Each week, we’ll ask our stable of scribes to weigh in on the three most important NBA topics of the day — and then give you a chance to step on the scale, too, in the comments below.
What would winning a title, the way he’s going about trying to win it this postseason, do for LeBron James’ image? What should it do?
Steve Aschburner: It will enable LeBron James to exhale and lots of other people to relax. Some will immediately challenge him to win a second and then a third, and so on, because that’s what his talents seem capable of achieving. That’s one major way the NBA’s greatest players get judged. Plus, that’s what James himself yapped about when he signed with Miami. Others will decree that all pressure is off now and he’s forever beyond reproach from the “haters” by virtue of winning one championship. But that’s as artificial as the notion that he couldn’t be truly great without a ring.
The media already has been pushing the redemption angle and all but demanding that people bow now to James’ wonderfulness, even though they’re the ones who fanned and reveled so in his alleged villainy. The way I see it, everyone gets to make up his or her own mind about James and how he went about his business of chasing a title. Everyone gets to make up his or her mind about all of us.
Fran Blinebury: In the minds of the anti-LeBron crowd, it won’t do a thing. It’s not about the basketball. They don’t like him because he left Cleveland, because he had the silly “Decision” show on ESPN, because of the haughty premature celebration in Miami, because of “1-2-3-4-5…” and because he, Wade and Bosh tried to set themselves up as victims of their own celebrity. On the court, he’s already been a three-time MVP, eight-time All-Star and a scoring champ. Becoming a champion is often a process. It took Michael Jordan seven seasons, Hakeem Olajuwon 10 seasons and Dirk Nowitzki 13 seasons. For LeBron, it will have been nine seasons. He’s been the best, the most complete player in the game for some time. A piece of shiny jewelry on his finger won’t make him better than that.
Scott Howard-Cooper: Winning a title, if it happens, will greatly enhance his image, as it should. He has been criticized to an extreme for years, some of which was deserved and some that was overdone. A lot that was overdone, actually. Having a great Finals is the reminder he is the best player in the world.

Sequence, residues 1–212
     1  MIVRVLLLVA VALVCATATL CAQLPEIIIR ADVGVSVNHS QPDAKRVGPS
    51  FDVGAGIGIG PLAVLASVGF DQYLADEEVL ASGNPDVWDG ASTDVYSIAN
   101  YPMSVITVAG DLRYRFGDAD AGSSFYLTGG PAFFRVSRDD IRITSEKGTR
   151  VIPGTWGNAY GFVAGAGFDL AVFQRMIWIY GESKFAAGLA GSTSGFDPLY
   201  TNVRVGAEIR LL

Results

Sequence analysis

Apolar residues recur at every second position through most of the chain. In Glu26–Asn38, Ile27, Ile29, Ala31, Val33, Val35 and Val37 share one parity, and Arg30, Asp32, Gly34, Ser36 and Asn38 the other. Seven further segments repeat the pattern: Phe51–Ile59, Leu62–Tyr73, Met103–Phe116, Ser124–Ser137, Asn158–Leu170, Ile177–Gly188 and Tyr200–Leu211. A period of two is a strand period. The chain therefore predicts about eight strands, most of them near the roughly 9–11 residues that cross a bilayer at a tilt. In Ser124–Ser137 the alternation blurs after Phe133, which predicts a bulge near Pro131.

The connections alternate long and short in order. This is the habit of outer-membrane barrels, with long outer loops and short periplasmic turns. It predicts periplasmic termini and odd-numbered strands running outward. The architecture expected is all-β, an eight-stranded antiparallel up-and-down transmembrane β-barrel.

Shaun Powell: From a basketball standpoint only, his image would improve. He’d no longer cast as a loser who couldn’t come up big when it counted — even though that was a stretch, because he has made big shots before. But he’ll still have detractors, who probably can’t remember anymore why they hate him. Should he win multiple titles and continue saying all the right things in public, time and sentiment will fall in his favor here in this build-em-up, tear-em-down, build-em-up-again sports society.
John Schuhmann: He was already the best basketball player in the world, and there was no question that he was the player you would most want on your team over an 82-game season. Well, now you can say he’s also the player you would most want on your team in any seven–game series. He didn’t shoulder all the blame for his teams’ previous failures, but there have been postseason moments (like last year’s Finals) when he didn’t make the most of his ability. This year, there have been no signs of passivity as he’s led the Heat to the brink of a title. And when they win, the change in LeBron’s rep will be about more than just the ring on his finger. It will be about the way he earned it.
Sekou Smith: His image, in the eyes of most, will not change a bit. Those who love him will love him even more. And those who despise him will continue to do so as well. For those of us who are supposed to be impartial, this removes James from that long list of all-time great players who don’t have a title in their backpack. Dan Marino will continue to be the greatest player that never won it all in this city. One thing winning a title, provided they finish the deal, should definitely do is silence all of those critics who claim James can’t carry his team at crunch time. He’s done all that and more throughout this postseason, leaving no doubt that he is the world’s best player. But there is no doubt in my mind that half the people will celebrate James when he wins his first title, and the other half will start complaining that he’s only won one.